A rally in the Georgian city of Tbilisi to commemorate the International Day Against Homophobia and Transphobia (IDAHOT), has been taken over by a violent mob of thousands who chased down demonstrators, forcing police to evacuate gay rights supporters.

The IDAHOT rally was attacked by thousands of, mainly young, male, Georgians. The group attacking the rally also included priests, and women in headscarves, who burst through a police cordon, and pursued the IDAHOT rallyers.

The mob reportedly shouted: “Where are they? Don’t let them leave alive!”, as they outnumbered, overpowered and took over the rally, and police who were trying to keep order.

Municipal busses were brought in to evacuate some of the LGBT activist, who barely made it into the vehicles before they were overridden by the angry anti-gay proteters who threw stones and smashed windows, as the busses narrowly escaped the square.

“Drag them out, stomp them to death,” shouted the pursuing demonstrators, following LGBT advocates into side streets, and attempting to storm a house in which some IDAHOT attendees had taken refuge.

Few spoke out against the violence, but one elderly woman shouted down from a balcony: “Look at yourselves! You call yourselves Christians?…Go ahead, kill everyone you are told to hate in the name of God and national values,” reports Eurasianet.

Police were seen gathering LGBT advocates into cars, and helping to hold off the mob from breaking into a shop in which some had taken shelter.

Government officials from both the Georgian Dream ruling party, and President Mikheil Saakashvili’s minority National Movement, condemned the violence, but blamed each other’s policies for the violent outbreak.

“Both groups have a full right to hold peaceful rallies. Violence is unacceptable,” said Justice Minister Tea Tsulukuani.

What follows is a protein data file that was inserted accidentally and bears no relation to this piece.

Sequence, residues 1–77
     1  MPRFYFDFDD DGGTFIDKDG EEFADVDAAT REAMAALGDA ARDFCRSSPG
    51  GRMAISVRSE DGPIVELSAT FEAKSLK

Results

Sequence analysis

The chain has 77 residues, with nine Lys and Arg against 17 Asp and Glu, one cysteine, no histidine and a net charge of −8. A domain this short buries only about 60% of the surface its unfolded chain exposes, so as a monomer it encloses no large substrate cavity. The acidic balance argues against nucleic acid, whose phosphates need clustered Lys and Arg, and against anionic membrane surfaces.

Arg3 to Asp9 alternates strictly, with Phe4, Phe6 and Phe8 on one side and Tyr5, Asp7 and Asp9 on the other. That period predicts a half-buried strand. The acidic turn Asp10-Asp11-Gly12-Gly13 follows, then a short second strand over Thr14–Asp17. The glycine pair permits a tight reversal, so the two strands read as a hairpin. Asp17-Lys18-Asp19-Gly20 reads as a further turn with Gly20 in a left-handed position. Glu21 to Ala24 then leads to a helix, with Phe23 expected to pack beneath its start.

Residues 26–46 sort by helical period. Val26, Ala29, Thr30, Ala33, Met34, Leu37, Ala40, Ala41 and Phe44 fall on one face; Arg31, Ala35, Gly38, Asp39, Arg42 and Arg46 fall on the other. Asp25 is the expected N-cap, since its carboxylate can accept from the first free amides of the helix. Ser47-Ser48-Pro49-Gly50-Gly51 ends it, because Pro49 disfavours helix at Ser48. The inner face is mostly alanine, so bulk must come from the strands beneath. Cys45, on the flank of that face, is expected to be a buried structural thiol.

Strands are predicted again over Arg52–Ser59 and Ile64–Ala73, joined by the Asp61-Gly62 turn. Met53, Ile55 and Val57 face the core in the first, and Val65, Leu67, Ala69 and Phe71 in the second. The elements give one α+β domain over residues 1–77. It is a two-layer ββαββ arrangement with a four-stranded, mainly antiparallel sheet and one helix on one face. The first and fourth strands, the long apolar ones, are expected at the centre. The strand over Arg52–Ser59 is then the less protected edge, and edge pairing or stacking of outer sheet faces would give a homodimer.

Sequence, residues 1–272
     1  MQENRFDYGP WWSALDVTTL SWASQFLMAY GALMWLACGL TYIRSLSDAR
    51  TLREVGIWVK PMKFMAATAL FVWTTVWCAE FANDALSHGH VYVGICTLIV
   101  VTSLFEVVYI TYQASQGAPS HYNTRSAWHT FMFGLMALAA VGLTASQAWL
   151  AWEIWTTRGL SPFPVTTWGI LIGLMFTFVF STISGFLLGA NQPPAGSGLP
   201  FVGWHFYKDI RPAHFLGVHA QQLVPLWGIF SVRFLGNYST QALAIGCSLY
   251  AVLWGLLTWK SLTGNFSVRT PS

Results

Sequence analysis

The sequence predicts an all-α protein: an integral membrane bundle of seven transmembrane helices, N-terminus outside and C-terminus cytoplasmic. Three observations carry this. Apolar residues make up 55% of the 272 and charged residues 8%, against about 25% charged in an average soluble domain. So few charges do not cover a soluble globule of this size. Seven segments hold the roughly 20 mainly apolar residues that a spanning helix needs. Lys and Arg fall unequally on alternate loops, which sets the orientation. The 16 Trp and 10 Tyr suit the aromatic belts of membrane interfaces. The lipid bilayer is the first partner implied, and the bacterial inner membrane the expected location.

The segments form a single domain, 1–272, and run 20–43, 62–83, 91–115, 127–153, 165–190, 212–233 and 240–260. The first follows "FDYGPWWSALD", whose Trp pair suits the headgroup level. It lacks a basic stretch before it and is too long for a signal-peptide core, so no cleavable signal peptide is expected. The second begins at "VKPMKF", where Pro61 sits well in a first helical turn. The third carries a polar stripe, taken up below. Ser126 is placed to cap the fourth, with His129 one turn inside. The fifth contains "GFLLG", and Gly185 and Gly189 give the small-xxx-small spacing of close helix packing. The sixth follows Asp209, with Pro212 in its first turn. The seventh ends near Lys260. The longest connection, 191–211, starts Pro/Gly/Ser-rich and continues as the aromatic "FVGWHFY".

National Movement parliamentarian Gigi Tsereteli spoke on Rustavi2 television, calling the violance “anarchy”, and went on to say that “this is not the state we were building …”

Yesterday evening, the leader of the Georgian Orthodox Church, Patriarch Ilia II, called on the government to ban the IDAHOT rally.

Caught up in the violence were a US embassy official, and Georgia’s National Ombudsman Ucha Nanuascvili, who had turned up to support the rally, but were subject to verbal abuse.

Dozens were hospitalised, as brawls went on for hours following hte demonstration amidsts claims by gay rights activists that the church fomented the violence by continuing to speak out against the rally.

Leading up to the rally, Georgian Prime MInister Bidzina Ivanishvili said “Society will get used to [homosexuality],” emphasising that LGBT people deserve equal rights to all other Georgians.

The patriarch also urged restrained conduct, but gay-rights activists claim that the church fomented the display of violence by speaking out against the rally.

In what some participants described as a voluntary initiative, gay-rights opponents, led by priests, gathered in the morning of May 17 and marched toward Freedom Square with posters like “Stop Promoting Homosexuality in Georgia” and “Homophobia is the Worst Sin.” Parish women held strands of nettle in their hands.